Macau casino workers demand bigger share of the winnings

Tue Aug 5, 2014 2:29am EDT
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By Farah Master

HONG KONG (Reuters) - Disgruntled casino workers are becoming a costly thorn in Macau's side.

As the Chinese territory races to build eight new resorts in the next three years, labor strains look set to intensify: workers are demanding higher pay and threatening strikes at a time when operators face a labor shortage.

Las Vegas kingpins Sheldon Adelson at Las Vegas Sands Corp (LVS.N: Quote) and Steve Wynn at Wynn Resorts Ltd (WYNN.O: Quote) together reported unexpected costs of $50 million (£29.6 million)last quarter for labor-related compensation at their Macau casinos.

Casino industry analysts expect the other four licensed operators in the world's biggest gambling hub - Galaxy Entertainment (0027.HK: Quote), MGM Resorts (MGM.N: Quote), SJM Holdings (0880.HK: Quote) and Melco Crown Entertainment 6883.HK - to announce similar cost pressures when they post earnings this month.

Located on China's south coast, Macau is the only place in the country where casino gambling is legal. The special administrative region boasts 35 casinos and relies on gaming taxes for more than 80 percent of government revenues.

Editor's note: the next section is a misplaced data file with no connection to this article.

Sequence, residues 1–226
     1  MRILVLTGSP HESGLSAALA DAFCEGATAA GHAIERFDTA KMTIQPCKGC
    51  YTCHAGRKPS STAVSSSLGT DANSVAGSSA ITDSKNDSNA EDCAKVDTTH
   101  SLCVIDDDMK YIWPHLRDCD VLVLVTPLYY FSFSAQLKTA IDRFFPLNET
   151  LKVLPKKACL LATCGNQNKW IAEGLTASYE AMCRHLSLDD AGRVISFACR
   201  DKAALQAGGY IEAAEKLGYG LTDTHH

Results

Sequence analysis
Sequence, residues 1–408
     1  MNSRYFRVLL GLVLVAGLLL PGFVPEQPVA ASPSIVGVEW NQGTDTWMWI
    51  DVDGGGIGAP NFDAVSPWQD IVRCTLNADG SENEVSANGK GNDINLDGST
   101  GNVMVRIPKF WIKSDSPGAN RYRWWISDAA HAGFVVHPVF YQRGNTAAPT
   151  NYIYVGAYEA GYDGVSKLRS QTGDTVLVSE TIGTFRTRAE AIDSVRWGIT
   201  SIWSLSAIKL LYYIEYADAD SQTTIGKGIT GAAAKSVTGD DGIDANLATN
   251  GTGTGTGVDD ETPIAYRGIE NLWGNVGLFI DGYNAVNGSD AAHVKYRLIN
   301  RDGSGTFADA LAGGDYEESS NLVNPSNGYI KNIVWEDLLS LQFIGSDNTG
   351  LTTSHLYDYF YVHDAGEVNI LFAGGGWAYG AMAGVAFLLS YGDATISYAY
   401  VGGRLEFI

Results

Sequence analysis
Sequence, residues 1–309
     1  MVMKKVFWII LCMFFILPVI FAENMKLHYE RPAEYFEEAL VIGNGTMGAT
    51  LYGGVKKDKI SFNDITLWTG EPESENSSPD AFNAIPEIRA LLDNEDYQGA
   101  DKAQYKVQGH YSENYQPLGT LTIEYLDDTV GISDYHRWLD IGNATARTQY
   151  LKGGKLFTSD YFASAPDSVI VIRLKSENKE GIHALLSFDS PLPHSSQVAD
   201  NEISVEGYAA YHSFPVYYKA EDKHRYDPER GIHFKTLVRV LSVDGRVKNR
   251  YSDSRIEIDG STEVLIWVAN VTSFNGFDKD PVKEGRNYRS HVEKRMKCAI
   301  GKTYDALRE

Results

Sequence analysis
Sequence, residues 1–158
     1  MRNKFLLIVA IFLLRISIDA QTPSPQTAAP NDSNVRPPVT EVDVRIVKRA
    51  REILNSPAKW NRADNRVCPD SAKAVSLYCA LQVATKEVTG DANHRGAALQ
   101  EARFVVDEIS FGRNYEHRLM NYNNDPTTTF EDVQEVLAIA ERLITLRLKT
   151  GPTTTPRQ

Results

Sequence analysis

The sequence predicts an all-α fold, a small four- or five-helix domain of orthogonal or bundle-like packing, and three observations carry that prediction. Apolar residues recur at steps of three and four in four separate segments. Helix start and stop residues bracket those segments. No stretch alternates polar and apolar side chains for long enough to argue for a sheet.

Home to a population of just over 500,000 people, the former Portuguese colony has one of the world's lowest jobless rates at 1.7 percent. Rigid labor regulations that prohibit foreigners from working at the gaming tables mean casino operators have little choice but to raise wages to attract and retain staff.

Workers at Galaxy were planning a protest for Tuesday at the company's flagship golden-turreted resort after a Macau trade union last week submitted a petition alleging its salaries were "disrespectful" to some employees.

More than 1,000 workers protested last week outside Adelson's showpiece Venetian, accusing the company of poor wages and unfair promotions. Both Galaxy and Sands China (1928.HK: Quote) have expressed concern and vowed to resolve the problem.   Continued...

A croupier sits in front of a gaming table inside a casino on the opening day of Sheraton Macao hotel at Sands Cotai Central in Macau in this September 20, 2012 file photo.  REUTERS/Tyrone Siu/Files